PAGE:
And funding uncertainties also spurred a decision by Superintendent William Hite to delay the conversion of three low-performing elementary schools—Alcorn, Kenderton and Pastorius—into the Renaissance charters under the District’s school turnaround initiative.  The SRC had been scheduled to approve assignment of Alcorn to Universal Companies, Kenderton to Scholar Academies and Pastorius to Mastery Charter Schools.

EITC: State Judge Strikes Down N.H. Tax Credit for Private Tuition Aid
Education Week By Mark Walsh on June 18, 2013 6:35 PM
A New Hampshire judge has struck down the state's year-old program of tax credits for businesses that contribute money to organizations offering tuition scholarships at private schools.
Presiding Justice John M. Lewis of Stratford County Superior Court held that the program violates the state constitution because it diverts state tax payments to religious schools.
"New Hampshire students, and their parents, certainly have the right to choose a religious education," the judge said in his June 17 ruling in Duncan v. New Hampshire. "However, the government is under no obligation to fund 'religious' education. Indeed, the government is expressly forbidden from doing so by the very language of the New Hampshire Constitution."

The Philadelphia school funding crisis
WHYY Radio Times with Marty Moss-Coane June 19, 2013
Guests:  Tom Ferrick and Kate Shaw; audio runtime: 52:00
"A building with teachers and principals, but no other supports? That's not a picture of a school to me." That's how Philadelphia school superintendent William Hite described the dire funding situation facing the City’s schools this September. With a $304 million budget shortfall, there may be no assistant principals, 646 fewer classroom teachers, support staff, and almost no school nurses or counselors. Also on the chopping block are athletic programs, new textbooks, arts and music programs and librarians. The District is calling on the city, the state and the Philadelphia Federation of Teachers to share the burden but so far little progress has been made. And while the crisis is extreme in Philadelphia, school districts around the state are also facing similar funding challenges. In this hour of Radio Times we'll talk about the consequences for Philadelphia’s school children, educators and the city-at-large, what it will take to remedy the crisis and who is responsible for fixing it. Our guests are long-time reporter and Axis Philly contributor TOM FERRICK and education policy researcher KATE SHAW from Research for Action.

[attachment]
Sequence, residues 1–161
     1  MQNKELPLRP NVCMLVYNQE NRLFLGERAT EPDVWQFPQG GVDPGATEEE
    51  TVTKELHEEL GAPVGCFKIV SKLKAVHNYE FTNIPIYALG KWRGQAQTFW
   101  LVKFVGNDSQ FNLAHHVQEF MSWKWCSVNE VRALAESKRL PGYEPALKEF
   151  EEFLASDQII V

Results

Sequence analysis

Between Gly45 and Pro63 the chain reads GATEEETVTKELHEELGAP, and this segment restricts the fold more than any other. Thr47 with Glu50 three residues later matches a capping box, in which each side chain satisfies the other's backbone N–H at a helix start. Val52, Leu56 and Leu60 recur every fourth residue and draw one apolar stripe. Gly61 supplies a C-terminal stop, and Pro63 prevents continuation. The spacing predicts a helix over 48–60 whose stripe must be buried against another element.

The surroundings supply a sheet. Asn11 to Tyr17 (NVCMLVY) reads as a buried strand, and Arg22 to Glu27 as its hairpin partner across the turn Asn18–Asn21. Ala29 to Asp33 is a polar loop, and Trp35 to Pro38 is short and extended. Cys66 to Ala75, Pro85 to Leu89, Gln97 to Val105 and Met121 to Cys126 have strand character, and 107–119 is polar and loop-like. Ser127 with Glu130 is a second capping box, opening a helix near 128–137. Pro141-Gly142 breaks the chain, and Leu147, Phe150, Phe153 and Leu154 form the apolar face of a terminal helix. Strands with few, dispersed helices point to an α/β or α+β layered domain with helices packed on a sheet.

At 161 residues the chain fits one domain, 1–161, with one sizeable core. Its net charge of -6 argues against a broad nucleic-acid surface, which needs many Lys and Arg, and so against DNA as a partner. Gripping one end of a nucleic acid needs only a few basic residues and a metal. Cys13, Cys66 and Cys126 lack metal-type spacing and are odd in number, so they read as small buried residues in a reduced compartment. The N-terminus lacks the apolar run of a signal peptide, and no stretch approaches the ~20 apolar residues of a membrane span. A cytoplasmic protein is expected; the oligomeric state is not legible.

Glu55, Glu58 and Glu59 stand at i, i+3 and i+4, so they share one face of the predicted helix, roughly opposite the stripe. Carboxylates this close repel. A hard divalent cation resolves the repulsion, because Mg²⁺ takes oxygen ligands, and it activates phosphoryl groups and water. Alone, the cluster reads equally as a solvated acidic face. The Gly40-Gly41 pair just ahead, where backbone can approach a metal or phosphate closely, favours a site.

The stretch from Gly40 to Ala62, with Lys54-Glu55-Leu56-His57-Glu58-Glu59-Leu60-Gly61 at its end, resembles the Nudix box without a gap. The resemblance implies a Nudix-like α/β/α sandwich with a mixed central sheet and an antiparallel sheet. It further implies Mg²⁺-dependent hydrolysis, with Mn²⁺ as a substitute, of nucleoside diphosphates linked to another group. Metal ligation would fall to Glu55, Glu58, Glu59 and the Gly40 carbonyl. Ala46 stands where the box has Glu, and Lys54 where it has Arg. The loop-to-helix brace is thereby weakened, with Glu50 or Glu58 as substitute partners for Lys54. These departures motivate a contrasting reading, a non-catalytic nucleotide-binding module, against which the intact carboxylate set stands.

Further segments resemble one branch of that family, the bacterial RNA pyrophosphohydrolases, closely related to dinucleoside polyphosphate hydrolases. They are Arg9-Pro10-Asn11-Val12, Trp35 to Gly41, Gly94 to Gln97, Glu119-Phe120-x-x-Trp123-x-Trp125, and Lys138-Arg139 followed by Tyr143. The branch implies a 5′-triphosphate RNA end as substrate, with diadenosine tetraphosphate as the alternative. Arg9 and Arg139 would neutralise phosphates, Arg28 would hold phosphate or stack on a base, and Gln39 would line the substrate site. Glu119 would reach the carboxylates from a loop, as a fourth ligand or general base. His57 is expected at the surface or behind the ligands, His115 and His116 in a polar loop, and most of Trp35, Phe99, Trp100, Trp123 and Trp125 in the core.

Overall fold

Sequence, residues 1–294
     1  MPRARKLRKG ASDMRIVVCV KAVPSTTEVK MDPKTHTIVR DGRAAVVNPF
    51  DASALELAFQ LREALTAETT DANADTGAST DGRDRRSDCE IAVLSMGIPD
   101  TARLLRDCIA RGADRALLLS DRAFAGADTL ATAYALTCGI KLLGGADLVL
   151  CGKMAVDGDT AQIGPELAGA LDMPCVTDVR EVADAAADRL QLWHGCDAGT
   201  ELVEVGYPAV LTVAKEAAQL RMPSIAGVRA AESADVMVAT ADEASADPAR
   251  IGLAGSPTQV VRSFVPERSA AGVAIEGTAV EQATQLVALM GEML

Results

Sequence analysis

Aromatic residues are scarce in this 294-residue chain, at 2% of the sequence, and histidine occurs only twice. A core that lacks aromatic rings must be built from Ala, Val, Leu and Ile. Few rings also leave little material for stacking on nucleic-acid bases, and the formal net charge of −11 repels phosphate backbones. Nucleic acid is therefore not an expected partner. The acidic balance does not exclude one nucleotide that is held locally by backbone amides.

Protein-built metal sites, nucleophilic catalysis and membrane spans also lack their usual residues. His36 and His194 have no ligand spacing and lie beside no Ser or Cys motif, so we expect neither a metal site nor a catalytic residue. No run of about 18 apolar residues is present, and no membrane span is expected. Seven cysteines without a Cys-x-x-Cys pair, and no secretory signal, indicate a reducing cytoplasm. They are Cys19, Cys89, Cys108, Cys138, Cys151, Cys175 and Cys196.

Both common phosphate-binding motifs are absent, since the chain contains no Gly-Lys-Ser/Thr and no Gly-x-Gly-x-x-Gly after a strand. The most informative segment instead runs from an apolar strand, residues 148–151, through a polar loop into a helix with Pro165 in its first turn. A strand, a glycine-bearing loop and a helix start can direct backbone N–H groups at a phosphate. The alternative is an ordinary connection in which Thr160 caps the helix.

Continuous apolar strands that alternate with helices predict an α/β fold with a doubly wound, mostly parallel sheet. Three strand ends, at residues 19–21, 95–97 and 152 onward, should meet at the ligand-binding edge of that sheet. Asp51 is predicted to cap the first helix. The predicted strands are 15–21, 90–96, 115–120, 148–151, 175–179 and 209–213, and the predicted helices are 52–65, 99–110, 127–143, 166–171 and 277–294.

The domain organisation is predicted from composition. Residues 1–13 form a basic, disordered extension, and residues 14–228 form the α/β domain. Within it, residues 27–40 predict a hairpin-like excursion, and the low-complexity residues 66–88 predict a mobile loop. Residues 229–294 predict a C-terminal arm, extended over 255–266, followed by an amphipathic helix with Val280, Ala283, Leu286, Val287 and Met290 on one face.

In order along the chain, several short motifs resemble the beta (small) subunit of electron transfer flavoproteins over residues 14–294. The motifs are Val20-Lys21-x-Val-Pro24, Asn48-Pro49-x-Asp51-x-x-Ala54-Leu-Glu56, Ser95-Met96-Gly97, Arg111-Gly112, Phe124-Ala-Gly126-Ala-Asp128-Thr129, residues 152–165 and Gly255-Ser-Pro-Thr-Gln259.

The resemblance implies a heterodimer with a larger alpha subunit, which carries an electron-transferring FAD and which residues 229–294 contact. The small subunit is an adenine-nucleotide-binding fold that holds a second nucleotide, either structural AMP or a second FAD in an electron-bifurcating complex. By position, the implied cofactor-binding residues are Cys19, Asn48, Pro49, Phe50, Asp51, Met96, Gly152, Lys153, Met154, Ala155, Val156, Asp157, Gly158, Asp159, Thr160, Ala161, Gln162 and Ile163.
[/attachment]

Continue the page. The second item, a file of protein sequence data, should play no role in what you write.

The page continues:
House Committee Passes Partisan NCLB Renewal Bill
Education Week Politics K-12 Blog By Alyson Klein on June 19, 2013 3:33 PM
Another markup of the Elementary and Secondary Education, another totally predictable partisan vote.  Last week, the Senate education committee passed an ESEA bill with just Democratic support. This time, it was the House Education panel's turn to consider a bill to revise the No Child Left Behind Act.
Everyone agrees the law is in desperate need of a makeover, but partisan divisions continue to get in the way. And today's debate on the bill, which was written by Rep. John Kline, R-Minn., the chairman of the committee, was no exception.

NSBA: Dems Support Federal Control of Education
Diane ravitch’s Blog By dianerav June 19, 2013 //
On a party-line vote, Democrats on the Senate committee reported out a bill that expands the role of the federal government in education and makes the Secretary of Education the national superintendent of schools. The National School Boards Association describes the legislation here, which NSBA opposes.


Save the Date: Diane Ravitch will be speaking at the Main Branch of the Philadelphia Free Library on September 17 at 7:30 pm.  Details to come.

PASA-PSBA School Leadership Conference
October 15-18, 2013 | Hershey Lodge & Convention Center
The PASA-PSBA School Leadership Conference is the largest gathering of elected officials in Pennsylvania and offers an impressive collection of professional development opportunities for school board members and other education leaders.
See Annual School Leadership Conference links for all program details.

EPLC Education Policy Fellowship Program – Apply Now
Applications are available now for the 2013-2014 Education Policy Fellowship Program (EPFP). The Education Policy Fellowship Program is sponsored in Pennsylvania by The Education Policy and Leadership Center (EPLC).
With more than 350 graduates in its first fourteen years, this Program is a premier professional development opportunity for educators, state and local policymakers, advocates, and community leaders.  State Board of Accountancy (SBA) credits are available to certified public accountants.
Past participants include state policymakers, district superintendents and principals, school business officers, school board members, education deans/chairs, statewide association leaders, parent leaders, education advocates, and other education and community leaders.  Fellows are typically sponsored by their employer or another organization.
The Fellowship Program begins with a two-day retreat on September 12-13, 2013 and continues to graduation in June 2014.

Building One America 2013 National Summit July 18-19, 2013 Washington, DC
Brookings Institution to present findings of their “Confronting Suburban Poverty” report
Building One America’s Second National Summit for Inclusive Suburbs and Sustainable Regions will involve local leaders and federal policy makers to seek bipartisan solutions to the unique but common challenges around housing, schools and infrastructure facing America’s metropolitan regions and its diverse middle-class suburbs. Participants will include local elected and grassroots leaders from America’s diverse middle class suburban towns and school districts, scholars and policy experts, members of the Obama Administration and Congress.  The summit will identify comprehensive solutions and build bipartisan support for meaningful action to stabilize and support inclusive middle-class communities and promote sustainable, economically competitive regions.

Pennsylvania Cyber Charter School FAST FACTS
Quakertown Community School District March 2013

PA Charter Schools: $4 billion taxpayer dollars with no real oversight

Keystone State Education Coalition Prior Posting
Charter schools - public funding without public scrutiny